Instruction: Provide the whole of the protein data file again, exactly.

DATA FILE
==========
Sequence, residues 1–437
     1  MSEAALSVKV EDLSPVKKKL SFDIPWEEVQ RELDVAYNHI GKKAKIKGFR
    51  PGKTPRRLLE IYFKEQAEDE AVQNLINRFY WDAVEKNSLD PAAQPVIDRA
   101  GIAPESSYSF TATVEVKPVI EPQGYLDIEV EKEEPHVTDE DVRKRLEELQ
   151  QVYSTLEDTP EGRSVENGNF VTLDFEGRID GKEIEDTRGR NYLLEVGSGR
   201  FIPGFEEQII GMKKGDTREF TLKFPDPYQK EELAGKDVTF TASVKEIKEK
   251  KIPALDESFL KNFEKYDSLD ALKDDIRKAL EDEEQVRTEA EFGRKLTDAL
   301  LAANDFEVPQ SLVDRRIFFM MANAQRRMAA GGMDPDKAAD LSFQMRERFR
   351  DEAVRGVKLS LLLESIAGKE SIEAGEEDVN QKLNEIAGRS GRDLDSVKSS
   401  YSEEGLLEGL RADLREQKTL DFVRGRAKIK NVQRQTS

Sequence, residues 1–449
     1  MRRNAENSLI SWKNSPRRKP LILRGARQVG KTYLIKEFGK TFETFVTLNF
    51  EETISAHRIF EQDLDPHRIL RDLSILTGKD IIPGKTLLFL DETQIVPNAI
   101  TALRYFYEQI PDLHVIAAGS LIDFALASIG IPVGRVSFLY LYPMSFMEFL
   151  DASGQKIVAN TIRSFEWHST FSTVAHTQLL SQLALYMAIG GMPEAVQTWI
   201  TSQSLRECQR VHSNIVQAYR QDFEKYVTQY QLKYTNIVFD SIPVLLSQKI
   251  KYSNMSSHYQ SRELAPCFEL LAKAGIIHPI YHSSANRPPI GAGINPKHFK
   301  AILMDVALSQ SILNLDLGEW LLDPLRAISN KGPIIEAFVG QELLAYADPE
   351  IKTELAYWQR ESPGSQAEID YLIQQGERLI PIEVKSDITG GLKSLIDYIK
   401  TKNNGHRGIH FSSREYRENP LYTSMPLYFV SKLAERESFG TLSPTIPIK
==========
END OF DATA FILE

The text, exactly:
Sequence, residues 1–437
     1  MSEAALSVKV EDLSPVKKKL SFDIPWEEVQ RELDVAYNHI GKKAKIKGFR
    51  PGKTPRRLLE IYFKEQAEDE AVQNLINRFY WDAVEKNSLD PAAQPVIDRA
   101  GIAPESSYSF TATVEVKPVI EPQGYLDIEV EKEEPHVTDE DVRKRLEELQ
   151  QVYSTLEDTP EGRSVENGNF VTLDFEGRID GKEIEDTRGR NYLLEVGSGR
   201  FIPGFEEQII GMKKGDTREF TLKFPDPYQK EELAGKDVTF TASVKEIKEK
   251  KIPALDESFL KNFEKYDSLD ALKDDIRKAL EDEEQVRTEA EFGRKLTDAL
   301  LAANDFEVPQ SLVDRRIFFM MANAQRRMAA GGMDPDKAAD LSFQMRERFR
   351  DEAVRGVKLS LLLESIAGKE SIEAGEEDVN QKLNEIAGRS GRDLDSVKSS
   401  YSEEGLLEGL RADLREQKTL DFVRGRAKIK NVQRQTS

Sequence, residues 1–449
     1  MRRNAENSLI SWKNSPRRKP LILRGARQVG KTYLIKEFGK TFETFVTLNF
    51  EETISAHRIF EQDLDPHRIL RDLSILTGKD IIPGKTLLFL DETQIVPNAI
   101  TALRYFYEQI PDLHVIAAGS LIDFALASIG IPVGRVSFLY LYPMSFMEFL
   151  DASGQKIVAN TIRSFEWHST FSTVAHTQLL SQLALYMAIG GMPEAVQTWI
   201  TSQSLRECQR VHSNIVQAYR QDFEKYVTQY QLKYTNIVFD SIPVLLSQKI
   251  KYSNMSSHYQ SRELAPCFEL LAKAGIIHPI YHSSANRPPI GAGINPKHFK
   301  AILMDVALSQ SILNLDLGEW LLDPLRAISN KGPIIEAFVG QELLAYADPE
   351  IKTELAYWQR ESPGSQAEID YLIQQGERLI PIEVKSDITG GLKSLIDYIK
   401  TKNNGHRGIH FSSREYRENP LYTSMPLYFV SKLAERESFG TLSPTIPIK